15 Facts About Thomond


Thomond, known as the kingdom of Limerick, was a kingdom of Gaelic Ireland, associated geographically with present-day County Clare and County Limerick, as well as parts of County Tipperary around Nenagh and its hinterland.

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Domhnall was a man of realpolitik; his main concern was upholding his position in Thomond and was not against collaborating with Strongbow and others against rival Gaelic kingdoms such as Ossory, Desmond and Connacht.

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Under pressure from the Butlers, Thomond was now not too different from what would become County Clare, protected by the River Shannon.

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The precedent for Thomond was very dangerous as, should much more land have been taken, the realm would have no longer existed.

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The end of the de Clares and Norman territorial claims in Thomond came the following year at the Battle of Dysert O'Dea, where Conchobhar O Deaghaidh held out against a larger English force until the O'Brien and allies could reach the battle and decisively secure victory.

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Thomond's succession was disputed by his uncle and brother; Toirdelbhach Maol O Briain and Brian Sreamhach O Briain.

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Thomond was now in such a position that Conchobhar mac Mathghamhna O Briain's twenty six-year reign was marked as a time of peace and plenty.

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Thomond managed to ride south through Desmond and enforce the cios dubh on the Anglo-Normans.

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Thomond was wealthy in the 15th century; Domhnall Mac Gormain was described as the richest man in Ireland in terms of live stock.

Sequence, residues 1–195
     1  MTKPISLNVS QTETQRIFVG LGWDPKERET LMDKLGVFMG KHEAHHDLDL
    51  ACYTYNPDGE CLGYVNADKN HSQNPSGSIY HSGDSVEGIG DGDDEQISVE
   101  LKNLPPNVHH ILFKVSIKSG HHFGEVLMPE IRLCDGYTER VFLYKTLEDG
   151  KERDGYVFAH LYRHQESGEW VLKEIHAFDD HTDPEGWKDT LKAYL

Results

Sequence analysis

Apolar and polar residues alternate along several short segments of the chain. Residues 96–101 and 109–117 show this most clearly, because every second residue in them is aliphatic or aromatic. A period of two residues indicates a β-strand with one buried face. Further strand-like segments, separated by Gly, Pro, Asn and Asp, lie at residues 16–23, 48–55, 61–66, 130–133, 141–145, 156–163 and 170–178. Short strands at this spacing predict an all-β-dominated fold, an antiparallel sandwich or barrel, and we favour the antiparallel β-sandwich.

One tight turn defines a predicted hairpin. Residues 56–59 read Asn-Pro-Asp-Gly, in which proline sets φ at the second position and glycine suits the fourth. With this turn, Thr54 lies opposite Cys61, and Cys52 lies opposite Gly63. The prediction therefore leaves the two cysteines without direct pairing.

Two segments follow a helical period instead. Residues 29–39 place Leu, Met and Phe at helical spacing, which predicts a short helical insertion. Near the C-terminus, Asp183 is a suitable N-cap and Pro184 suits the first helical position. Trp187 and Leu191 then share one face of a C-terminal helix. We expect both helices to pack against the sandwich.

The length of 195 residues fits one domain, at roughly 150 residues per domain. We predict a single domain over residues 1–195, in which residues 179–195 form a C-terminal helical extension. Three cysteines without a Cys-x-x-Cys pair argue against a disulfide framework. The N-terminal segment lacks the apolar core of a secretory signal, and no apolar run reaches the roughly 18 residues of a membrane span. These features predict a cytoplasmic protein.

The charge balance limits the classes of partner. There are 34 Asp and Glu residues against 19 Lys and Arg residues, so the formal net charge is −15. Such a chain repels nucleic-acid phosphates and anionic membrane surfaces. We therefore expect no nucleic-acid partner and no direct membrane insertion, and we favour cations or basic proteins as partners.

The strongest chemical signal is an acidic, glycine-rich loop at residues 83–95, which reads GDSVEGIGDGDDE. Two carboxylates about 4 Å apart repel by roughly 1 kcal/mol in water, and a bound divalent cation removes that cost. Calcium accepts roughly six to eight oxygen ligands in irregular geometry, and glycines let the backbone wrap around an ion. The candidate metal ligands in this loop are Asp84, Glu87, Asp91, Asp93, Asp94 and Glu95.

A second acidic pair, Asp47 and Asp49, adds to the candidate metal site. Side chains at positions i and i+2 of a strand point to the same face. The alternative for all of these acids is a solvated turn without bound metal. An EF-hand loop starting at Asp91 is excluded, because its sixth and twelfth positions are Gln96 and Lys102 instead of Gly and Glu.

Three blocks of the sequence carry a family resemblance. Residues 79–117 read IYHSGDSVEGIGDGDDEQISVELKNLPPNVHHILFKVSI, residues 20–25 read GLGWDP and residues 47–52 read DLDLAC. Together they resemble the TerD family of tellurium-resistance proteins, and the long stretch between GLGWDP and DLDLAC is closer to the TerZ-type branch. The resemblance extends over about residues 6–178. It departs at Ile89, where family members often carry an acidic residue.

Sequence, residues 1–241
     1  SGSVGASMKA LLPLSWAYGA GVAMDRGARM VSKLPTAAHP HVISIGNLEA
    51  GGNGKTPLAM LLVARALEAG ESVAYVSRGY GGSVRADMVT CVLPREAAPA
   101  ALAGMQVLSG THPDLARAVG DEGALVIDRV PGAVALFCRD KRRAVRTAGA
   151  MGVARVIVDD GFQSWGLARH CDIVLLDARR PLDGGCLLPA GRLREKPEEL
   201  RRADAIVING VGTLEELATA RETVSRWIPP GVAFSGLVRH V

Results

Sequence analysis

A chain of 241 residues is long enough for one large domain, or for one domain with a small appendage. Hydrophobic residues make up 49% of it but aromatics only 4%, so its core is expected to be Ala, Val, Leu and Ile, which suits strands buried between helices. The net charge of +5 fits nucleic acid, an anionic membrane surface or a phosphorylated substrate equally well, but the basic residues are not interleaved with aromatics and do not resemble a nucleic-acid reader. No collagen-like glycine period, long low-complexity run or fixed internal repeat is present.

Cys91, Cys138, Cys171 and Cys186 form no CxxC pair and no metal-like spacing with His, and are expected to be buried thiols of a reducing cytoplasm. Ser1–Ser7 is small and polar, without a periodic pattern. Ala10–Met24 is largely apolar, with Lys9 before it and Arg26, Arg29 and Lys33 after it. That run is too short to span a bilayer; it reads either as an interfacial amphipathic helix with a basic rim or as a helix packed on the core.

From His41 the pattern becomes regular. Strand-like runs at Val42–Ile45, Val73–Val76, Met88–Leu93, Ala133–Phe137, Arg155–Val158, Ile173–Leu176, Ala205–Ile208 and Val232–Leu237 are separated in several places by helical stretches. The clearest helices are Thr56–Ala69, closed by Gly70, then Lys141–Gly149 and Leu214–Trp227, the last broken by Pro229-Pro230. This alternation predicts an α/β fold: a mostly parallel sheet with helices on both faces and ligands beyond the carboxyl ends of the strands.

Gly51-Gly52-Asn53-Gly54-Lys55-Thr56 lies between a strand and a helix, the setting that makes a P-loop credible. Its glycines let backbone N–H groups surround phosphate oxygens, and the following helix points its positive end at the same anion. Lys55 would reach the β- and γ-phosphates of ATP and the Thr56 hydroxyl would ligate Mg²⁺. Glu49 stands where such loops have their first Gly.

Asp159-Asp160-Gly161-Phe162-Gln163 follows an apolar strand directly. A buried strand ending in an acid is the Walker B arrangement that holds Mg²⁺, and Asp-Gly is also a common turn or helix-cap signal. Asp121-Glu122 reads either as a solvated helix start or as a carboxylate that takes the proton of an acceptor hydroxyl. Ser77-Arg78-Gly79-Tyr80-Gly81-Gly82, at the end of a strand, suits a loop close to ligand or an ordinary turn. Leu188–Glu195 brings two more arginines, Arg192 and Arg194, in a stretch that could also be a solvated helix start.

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Thomond intended to support the O Neill against the O Domhnaill in a northern feud, but by the time O Briain arrived, it was over.

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Thomond took refuge with the O Cearbhaill of Eile and then with Conchobhar mac Toirdhealbaig O Briain at Clonroad, Ennis.

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The discord dragged on and Thomond was under the martial law of William Drury as late as 1577.

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The territory of Thomond was associated with the Diocese of Killaloe under the Bishop of Killaloe, the diocese having been formed in 1111 at the Synod of Rath Breasail, seven years before Thomond broke fully from the Kingdom of Munster.

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At the Synod of Kells in 1152, three more sees in Thomond were created in the form of the Diocese of Kilfenora, the Diocese of Roscrea and the Diocese of Scattery Island.

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Religious orders were present in Thomond and had establishments founded by them under the patronage of Kings of Thomond.

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